Saturday, March 31, 2012

Robert W. Chambers, The King in Yellow, and H.P. Lovecraft

If Robert William Chambers is known at all, he’s known to Lovecraft aficionados. 

Chambers, born in 1865 to a wealthy Brooklyn family, set out to be a painter, studying in Paris from 1886 to 1893.  He soon turned to writing; his first novel, a romance set in the Latin Quarter of Paris, was published in 1894.  However, the 1895 collection The King in Yellow contained the weird stories that Lovecraft enjoyed.

Many of the stories in The King in Yellow involve, sometimes in a minor way, a mysterious play of the same name; those who read it are driven mad by “words in which the essence of purest poison lurk(s).”  The play is linked to the Yellow Sign, “a curious symbol or letter... It was neither Arabic nor Chinese, nor… did it belong to any human script”.  In reference to the play, Chambers uses names from several stories in Ambrose Bierce’s 1893 collection Can Such Things Be?  While there are some fairly mundane stories in The King in Yellow, the supernatural ones are written with delicacy and pervaded by a gloomy melancholy; doomed love, suicide, and insanity are common themes.  They are all told in the first person, usually by a young and sensitive artist.
“The Yellow Sign” involves a resurrected corpse, a repetitive question ("Have you found the Yellow Sign?"), and doomed love.  

“The Repairer of Reputations” lacks a supernatural element, but contains a paranoid narrator and the title character, Mr. Wilde, who has savage battles with his cat:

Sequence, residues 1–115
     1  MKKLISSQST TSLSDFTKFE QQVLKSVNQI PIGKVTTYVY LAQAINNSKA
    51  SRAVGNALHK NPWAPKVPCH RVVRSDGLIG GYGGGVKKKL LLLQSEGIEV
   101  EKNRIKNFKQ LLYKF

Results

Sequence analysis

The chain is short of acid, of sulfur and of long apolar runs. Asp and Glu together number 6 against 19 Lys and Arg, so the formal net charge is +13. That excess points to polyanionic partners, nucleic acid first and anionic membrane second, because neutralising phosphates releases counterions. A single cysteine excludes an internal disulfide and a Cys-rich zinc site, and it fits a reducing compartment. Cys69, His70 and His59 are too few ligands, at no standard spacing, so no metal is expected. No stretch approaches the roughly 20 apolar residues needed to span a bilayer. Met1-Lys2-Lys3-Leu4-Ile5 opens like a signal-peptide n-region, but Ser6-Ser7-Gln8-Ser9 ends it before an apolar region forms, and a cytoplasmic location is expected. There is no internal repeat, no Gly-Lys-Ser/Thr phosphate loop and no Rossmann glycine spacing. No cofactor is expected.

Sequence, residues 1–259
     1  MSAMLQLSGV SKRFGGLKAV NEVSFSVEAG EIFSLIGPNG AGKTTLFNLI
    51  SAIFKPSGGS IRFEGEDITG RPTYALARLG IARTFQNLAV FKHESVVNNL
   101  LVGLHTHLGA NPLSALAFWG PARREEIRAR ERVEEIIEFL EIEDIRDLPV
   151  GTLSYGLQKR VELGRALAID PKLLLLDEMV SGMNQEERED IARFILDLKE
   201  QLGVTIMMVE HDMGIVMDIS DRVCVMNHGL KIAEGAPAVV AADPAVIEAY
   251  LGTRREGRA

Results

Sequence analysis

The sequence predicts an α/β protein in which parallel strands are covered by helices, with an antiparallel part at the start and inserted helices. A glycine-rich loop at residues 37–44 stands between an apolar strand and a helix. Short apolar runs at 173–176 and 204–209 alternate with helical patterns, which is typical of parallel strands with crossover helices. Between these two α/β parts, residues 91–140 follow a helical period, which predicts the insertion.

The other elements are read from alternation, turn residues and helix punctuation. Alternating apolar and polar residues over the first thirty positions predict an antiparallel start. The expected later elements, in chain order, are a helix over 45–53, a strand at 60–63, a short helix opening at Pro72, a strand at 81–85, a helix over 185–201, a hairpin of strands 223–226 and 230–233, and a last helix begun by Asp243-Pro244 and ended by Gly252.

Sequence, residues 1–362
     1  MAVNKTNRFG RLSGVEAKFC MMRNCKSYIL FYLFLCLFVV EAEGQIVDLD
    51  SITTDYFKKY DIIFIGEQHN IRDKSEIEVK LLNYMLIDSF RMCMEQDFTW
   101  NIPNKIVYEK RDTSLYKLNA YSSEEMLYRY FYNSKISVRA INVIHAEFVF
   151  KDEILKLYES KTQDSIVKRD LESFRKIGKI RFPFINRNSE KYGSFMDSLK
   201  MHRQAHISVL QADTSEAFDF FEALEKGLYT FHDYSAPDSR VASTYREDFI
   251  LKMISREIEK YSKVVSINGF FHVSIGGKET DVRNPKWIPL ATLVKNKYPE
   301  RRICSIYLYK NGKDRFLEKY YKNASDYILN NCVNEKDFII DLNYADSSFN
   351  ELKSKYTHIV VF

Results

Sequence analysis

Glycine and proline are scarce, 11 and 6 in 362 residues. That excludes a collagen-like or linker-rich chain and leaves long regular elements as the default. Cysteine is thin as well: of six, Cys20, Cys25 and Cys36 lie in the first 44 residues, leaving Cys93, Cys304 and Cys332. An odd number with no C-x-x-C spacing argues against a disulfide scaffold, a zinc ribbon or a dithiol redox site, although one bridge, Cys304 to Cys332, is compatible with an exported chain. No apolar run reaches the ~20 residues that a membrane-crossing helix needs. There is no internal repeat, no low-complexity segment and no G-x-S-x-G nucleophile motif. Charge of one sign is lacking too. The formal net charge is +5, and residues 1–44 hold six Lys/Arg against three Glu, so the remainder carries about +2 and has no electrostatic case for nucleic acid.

“Howling and foaming, they rolled over and over on the floor, scratching and clawing, until the cat screamed and fled under the cabinet, and Mr. Wilde turned over on his back, his limbs contracting and curling up like the legs of a dying spider. He was eccentric.”

Other noteworthy stories in the collection include the delicate love triangle of “The Mask”, the grim “In the Court of the Dragon”, and the sad prose poem “The Street of the Four Winds”.

Eventually, Chambers became a popular author, publishing over 70 historical and romantic novels before his 1933 death.  By all accounts, they haven’t stood the test of time, and the only one I’ve read (Who Goes There!, 1915), certainly hasn’t.  He revisited supernatural themes only a few times.

Still, Chambers’ early works impressed Lovecraft. In “Supernatural Horror in Literature” (1927), Lovecraft praises Chambers: “The King in Yellow really achieves notable heights of cosmic fear in spite of uneven interest and a somewhat trivial and affected cultivation of the Gallic studio atmosphere…”  Chambers’ influence is most apparent in “The Whisperer in Darkness” (1931), which includes direct references to things Carcosan.  Then there are the Deep Ones.  Chambers wrote a series of humorous, or purportedly humorous, stories about a Bronx zookeeper and his cryptozoological expeditions.  In one of the stories, “The Harbor-Master”, the zookeeper comes across a sinister gilled humanoid lurking in New England waters.  It also seems likely that Lovecraft’s penchant for vague supernatural name-dropping and forbidden books that drive men mad may owe a debt to Chambers.    

So, although Chambers made his living off his popular novels, his early weird tales, imaginative, melancholy, and idiosyncratic, are all that he’s remembered for.   

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